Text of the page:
Suit Against KeySpan Alleges 'Fraudulent Scheme'

Claiming that KeySpan Corp. violated the Securities Exchange Act of 1934, the law firm of Weiss & Yourman said last week that it is bringing a class action lawsuit against KeySpan and certain individuals associated with the company in the U.S. District Court for the Eastern District of New York. The lawsuit is being brought on behalf of purchasers of KeySpan shares between April 26, 2000 and July 17, 2001.

The complaint alleges that the company and certain executives of the company are liable as participants in a course of business that operated as "a fraud or deceit" on purchasers of KeySpan common stock by releasing false material and misleading statements and/or concealing material adverse facts. Weiss & Yourman allege that KeySpan's scheme:

  • deceived the investing public regarding KeySpan's business, operations, management and the intrinsic value of KeySpan common stock;
  • enabled the individual defendants to sell their personally held shares of KeySpan common stock and reap proceeds of more than $29 million; and
  • caused the plaintiff and other members of the lawsuit to purchase KeySpan common stock at artificially inflated prices.

On July 17, KeySpan reported that "accounting inaccuracies" existed and that they were of such a magnitude that in order to correct them KeySpan would incur a $30 million charge, turning what would have been (and what was expected to be) a second quarter profit into a second quarter loss, the lawsuit alleges. KeySpan's stock, which during the class period had traded at more than $40 per share, fell in response to this news to close at $32 per share.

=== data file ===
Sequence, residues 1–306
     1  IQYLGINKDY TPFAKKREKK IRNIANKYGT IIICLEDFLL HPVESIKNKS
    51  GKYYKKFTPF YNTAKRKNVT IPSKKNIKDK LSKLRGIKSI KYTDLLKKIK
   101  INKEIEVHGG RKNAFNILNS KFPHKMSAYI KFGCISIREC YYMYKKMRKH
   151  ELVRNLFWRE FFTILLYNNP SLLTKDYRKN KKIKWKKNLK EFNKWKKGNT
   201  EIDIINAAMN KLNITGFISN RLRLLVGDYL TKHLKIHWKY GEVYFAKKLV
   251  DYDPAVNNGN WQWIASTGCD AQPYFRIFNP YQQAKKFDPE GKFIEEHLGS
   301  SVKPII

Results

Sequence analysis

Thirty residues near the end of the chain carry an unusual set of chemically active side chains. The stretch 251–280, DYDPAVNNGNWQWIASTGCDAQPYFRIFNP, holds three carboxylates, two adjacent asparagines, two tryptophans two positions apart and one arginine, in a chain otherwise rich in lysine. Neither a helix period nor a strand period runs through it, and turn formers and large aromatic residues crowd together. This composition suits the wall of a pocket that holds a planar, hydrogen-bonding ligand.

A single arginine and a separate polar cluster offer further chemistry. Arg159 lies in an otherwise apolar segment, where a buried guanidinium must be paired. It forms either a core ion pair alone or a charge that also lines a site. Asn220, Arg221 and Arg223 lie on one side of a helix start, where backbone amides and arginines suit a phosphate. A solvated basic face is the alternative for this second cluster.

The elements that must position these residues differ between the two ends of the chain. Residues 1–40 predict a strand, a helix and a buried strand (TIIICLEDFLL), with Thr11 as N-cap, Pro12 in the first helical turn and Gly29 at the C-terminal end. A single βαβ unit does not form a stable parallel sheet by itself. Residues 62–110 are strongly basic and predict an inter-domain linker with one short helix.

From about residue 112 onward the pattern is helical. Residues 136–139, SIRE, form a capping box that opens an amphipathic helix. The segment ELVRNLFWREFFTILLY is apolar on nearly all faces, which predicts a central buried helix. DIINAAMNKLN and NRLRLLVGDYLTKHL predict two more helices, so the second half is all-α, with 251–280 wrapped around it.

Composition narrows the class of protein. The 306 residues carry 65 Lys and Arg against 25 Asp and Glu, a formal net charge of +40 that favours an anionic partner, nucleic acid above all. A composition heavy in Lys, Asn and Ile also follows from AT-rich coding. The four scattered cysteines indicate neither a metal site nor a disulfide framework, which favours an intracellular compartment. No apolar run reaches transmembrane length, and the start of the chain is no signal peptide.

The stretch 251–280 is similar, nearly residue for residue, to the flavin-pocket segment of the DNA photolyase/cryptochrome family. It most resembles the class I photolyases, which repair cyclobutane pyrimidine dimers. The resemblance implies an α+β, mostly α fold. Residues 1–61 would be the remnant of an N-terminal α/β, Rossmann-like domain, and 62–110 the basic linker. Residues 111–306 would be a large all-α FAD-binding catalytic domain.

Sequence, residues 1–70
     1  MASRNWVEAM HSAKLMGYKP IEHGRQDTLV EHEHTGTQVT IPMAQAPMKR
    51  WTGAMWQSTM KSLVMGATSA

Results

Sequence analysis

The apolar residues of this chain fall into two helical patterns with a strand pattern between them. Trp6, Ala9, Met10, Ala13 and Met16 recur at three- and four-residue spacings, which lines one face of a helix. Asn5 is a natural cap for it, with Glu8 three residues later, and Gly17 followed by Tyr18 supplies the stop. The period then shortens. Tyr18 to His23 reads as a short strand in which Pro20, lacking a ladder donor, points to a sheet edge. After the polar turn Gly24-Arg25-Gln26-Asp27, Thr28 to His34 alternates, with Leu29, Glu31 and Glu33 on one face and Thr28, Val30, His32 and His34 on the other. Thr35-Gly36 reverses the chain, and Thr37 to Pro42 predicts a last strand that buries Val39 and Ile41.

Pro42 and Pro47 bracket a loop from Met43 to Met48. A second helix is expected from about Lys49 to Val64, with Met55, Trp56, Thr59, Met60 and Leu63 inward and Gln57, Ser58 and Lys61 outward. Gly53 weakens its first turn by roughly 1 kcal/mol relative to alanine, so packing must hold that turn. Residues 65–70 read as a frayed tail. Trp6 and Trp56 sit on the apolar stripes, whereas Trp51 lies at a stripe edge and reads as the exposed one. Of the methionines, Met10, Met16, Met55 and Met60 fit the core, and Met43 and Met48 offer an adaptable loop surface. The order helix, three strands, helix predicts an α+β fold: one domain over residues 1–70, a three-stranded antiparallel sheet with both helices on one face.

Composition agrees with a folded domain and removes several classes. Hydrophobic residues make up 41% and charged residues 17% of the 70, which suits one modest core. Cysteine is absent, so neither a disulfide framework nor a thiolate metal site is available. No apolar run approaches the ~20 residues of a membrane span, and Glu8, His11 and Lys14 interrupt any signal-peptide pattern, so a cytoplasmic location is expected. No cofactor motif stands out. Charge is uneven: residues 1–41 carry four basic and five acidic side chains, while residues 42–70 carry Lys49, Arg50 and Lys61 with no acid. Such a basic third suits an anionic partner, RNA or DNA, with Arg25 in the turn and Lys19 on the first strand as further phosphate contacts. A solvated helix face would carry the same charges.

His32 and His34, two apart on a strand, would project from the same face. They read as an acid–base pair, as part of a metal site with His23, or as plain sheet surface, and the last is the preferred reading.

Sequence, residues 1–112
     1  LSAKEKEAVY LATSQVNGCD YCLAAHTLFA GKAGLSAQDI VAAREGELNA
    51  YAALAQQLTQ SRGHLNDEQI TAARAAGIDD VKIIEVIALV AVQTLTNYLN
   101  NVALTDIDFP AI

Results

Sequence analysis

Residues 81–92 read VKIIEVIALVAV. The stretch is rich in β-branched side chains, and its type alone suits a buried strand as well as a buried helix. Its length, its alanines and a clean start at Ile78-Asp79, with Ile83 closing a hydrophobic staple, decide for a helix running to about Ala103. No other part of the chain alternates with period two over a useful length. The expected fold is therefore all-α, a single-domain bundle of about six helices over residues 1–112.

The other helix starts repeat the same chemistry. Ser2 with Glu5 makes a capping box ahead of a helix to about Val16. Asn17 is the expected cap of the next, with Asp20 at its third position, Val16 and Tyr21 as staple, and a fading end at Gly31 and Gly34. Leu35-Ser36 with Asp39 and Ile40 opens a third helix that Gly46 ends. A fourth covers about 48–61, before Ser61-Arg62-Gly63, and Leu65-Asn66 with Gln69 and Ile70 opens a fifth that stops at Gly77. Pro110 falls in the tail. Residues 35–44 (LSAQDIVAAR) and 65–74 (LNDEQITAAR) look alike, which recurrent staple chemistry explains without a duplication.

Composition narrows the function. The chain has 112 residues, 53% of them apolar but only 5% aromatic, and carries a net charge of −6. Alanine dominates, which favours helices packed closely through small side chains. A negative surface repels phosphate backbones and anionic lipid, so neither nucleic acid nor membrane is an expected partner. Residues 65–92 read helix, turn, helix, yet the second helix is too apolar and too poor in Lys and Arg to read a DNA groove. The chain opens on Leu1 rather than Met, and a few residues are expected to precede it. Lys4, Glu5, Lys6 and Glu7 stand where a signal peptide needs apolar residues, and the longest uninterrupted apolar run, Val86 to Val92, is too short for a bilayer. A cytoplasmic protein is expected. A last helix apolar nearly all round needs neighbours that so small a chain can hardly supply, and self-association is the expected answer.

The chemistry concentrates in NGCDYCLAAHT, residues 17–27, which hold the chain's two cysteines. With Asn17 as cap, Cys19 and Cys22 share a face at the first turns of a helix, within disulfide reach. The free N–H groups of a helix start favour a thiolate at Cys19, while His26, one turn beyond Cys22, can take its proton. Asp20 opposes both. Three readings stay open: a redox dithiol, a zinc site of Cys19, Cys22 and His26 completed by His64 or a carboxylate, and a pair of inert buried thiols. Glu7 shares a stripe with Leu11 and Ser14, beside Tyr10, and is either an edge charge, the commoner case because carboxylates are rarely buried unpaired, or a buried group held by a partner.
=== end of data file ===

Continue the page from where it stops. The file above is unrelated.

Shortly prior to making this public revelation, however, numerous KeySpan officers and directors -- named as defendants in the complaint -- allegedly received millions of dollars from the insider selling of their KeySpan shares at prices artificially inflated by their failure to disclose material information. The lawsuit seeks to recover losses suffered by individual and institutional investors who purchased KeySpan's shares during the class period, excluding defendants and their affiliates.

Executives cited as defendants in the suit include: CEO Robert Catell; Craig Matthews, vice chairman and COO; Stephan L. Zelkowitz, executive vice president and general counsel; Robert J. Fani, president, KeySpan Energy Services and Supply; and William K. Feraudo, executive vice president, who heads the KeySpan Services Group.

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